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From 2019 to 2021, 3.6 million workers were displaced from jobs they held for at least 3 years

From January 2019 through December 2021, there were 3.6 million workers displaced from jobs they had held for at least 3 years, the U.S. Bureau of Labor Statistics reported. This was up by 924,000 workers from the prior survey period covering January 2017 to December 2019. In January 2022, 65 percent of workers displaced from 2019 to 2021 were reemployed, down from 70 percent in January 2020.

The U.S. Department of Labor’s Chief Evaluation Office sponsored the January 2022 survey to collect information on workers who were displaced from their jobs. Since 1984, these surveys have been conducted biennially in January as supplements to the Current Population Survey (CPS), a monthly survey of households that is the primary source of information on the nation’s labor force. For further information, see the Technical Note in this news release.

Displaced workers are defined as persons 20 years of age and over who report that they lost or left jobs because their plant or company closed or moved, there was insufficient work for them to do, or their position or shift was abolished. The period covered in this study was January 2019 to December 2021, the 3 calendar years prior to the January 2022 survey date. This period included the coronavirus (COVID-19) pandemic that began in early 2020. Those who were temporarily absent from a job due to a pandemic-related business closure or reduced business hours are not considered displaced workers.

The following analysis focuses primarily on the 3.6 million people who had worked for their employer for 3 or more years at the time of displacement (referred to as long-tenured workers). An additional 5.0 million persons were displaced from jobs they had held for less than 3 years (referred to as short-tenured workers). Combining the short- and long-tenured groups, the number of displaced workers totaled 8.6 million from 2019 to 2021. This is up from 6.3 million for the 2017-19 survey period.

Highlights from the January 2022 survey:

  • In January 2022, 65 percent of the 3.6 million long-tenured displaced workers were reemployed, down from 70 percent in January 2020. (See table 1.)
  • Among long-tenured displaced workers age 65 and over, the reemployment rate declined by 15 percentage points from the prior survey and the proportion that were no longer in the labor force increased by 12 percentage points to 61 percent. (See table 1.)
  • Thirty-eight percent of long-tenured displaced workers from the 2019-21 period lost their job because their plant or company closed down or moved, an additional 31 percent lost their job because their position or shift was abolished, and 31 percent were displaced due to insufficient work. (See table 2.)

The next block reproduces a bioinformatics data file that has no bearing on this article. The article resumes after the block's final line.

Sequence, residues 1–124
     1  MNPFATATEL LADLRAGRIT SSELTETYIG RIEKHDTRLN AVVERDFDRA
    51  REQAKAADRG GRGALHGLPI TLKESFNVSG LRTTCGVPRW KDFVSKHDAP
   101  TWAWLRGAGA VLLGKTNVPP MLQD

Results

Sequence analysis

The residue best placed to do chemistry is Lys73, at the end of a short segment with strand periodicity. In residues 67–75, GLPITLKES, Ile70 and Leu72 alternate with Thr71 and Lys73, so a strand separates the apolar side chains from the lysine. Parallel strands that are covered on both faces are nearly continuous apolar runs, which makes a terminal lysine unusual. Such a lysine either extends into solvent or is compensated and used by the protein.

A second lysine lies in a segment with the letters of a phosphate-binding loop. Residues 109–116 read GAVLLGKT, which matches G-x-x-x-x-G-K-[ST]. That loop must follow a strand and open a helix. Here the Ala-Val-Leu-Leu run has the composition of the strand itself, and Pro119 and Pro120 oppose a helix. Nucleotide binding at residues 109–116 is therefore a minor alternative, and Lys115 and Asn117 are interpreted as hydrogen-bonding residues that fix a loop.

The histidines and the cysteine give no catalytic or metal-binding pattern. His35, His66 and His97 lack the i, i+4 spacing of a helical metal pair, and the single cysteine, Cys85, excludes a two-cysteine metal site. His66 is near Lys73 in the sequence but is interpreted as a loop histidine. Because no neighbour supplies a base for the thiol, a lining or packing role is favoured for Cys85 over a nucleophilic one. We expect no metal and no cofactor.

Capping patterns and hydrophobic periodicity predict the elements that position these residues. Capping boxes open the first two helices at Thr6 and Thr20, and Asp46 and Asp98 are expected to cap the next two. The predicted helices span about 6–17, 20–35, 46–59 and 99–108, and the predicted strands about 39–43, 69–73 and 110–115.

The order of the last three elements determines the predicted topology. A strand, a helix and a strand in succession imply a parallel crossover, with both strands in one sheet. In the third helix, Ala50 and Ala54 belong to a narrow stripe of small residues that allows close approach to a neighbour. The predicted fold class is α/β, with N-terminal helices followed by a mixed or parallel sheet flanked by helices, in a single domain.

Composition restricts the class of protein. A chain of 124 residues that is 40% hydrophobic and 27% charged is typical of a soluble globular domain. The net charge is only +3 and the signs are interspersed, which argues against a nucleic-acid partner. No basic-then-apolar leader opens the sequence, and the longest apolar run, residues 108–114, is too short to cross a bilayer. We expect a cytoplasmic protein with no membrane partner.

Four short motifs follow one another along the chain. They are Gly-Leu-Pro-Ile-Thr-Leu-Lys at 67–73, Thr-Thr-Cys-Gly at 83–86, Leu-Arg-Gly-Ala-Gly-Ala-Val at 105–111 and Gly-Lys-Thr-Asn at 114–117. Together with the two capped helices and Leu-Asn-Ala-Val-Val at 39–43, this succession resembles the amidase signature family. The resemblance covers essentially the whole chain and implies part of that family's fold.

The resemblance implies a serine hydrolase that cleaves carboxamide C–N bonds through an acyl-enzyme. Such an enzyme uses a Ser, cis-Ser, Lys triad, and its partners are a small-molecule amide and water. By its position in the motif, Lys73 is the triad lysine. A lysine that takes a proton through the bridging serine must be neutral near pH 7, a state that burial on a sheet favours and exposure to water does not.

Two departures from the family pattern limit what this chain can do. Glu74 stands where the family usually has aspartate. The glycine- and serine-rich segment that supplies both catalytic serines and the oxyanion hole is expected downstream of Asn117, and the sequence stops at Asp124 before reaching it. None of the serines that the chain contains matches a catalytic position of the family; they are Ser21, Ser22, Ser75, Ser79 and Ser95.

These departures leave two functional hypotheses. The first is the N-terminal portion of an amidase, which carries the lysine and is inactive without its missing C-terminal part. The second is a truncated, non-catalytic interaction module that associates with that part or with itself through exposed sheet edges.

• Sixteen percent of long-tenured displaced workers lost a job in leisure and hospitality, 14 percent lost a job in professional and business services, and another 13 percent lost a job in manufacturing. (See table 4.)
  • Among long-tenured workers who were displaced from full-time wage and salary jobs and were reemployed in such jobs in January 2022, 63 percent had earnings that were as much or greater than those of their lost job, little different from the prior survey. (See table 7.)

Characteristics of the Displaced

Sixty-five percent of the 3.6 million long-tenured displaced workers were reemployed at the time of the survey in January 2022, down from 70 percent for the January 2020 survey. The proportion unemployed at the time of the most recent survey was 12 percent, the same as in January 2020. Twenty-two percent of long-tenured displaced workers were not in the labor force in January 2022, up from 18 percent in the previous survey. (See table 1.)

In January 2022, the reemployment rate was 72 percent for workers ages 25 to 54, little changed from the prior survey. Reemployment rates continued to be lower for older workers; the rates for those ages 55 to 64 and 65 years and over were 64 percent and 29 percent, respectively. Among those age 65 and over, the reemployment rate declined by 15 percentage points from the prior survey and the proportion that were no longer in the labor force increased by 12 percentage points to 61 percent.

Among long-tenured displaced workers, men had a slightly higher reemployment rate than women in January 2022 (68 percent and 62 percent, respectively). The reemployment rate for men changed little from the prior survey, while the rate for women declined. The proportions of long-tenured displaced men and women who were unemployed were little different in January 2022 (14 percent and 11 percent, respectively). The share of male displaced workers who had left the labor force was little changed at 18 percent, while the share of women increased by 7 percentage points to 27 percent from the prior survey. The proportion of women leaving the labor force ages 25 to 54 rose by 11 percentage points to 22 percent in January 2022.